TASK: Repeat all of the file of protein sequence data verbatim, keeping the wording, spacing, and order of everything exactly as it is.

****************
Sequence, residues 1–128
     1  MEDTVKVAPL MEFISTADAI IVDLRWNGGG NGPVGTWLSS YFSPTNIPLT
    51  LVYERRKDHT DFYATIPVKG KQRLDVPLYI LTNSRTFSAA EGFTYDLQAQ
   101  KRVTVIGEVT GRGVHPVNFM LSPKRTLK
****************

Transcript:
Sequence, residues 1–128
     1  MEDTVKVAPL MEFISTADAI IVDLRWNGGG NGPVGTWLSS YFSPTNIPLT
    51  LVYERRKDHT DFYATIPVKG KQRLDVPLYI LTNSRTFSAA EGFTYDLQAQ
   101  KRVTVIGEVT GRGVHPVNFM LSPKRTLK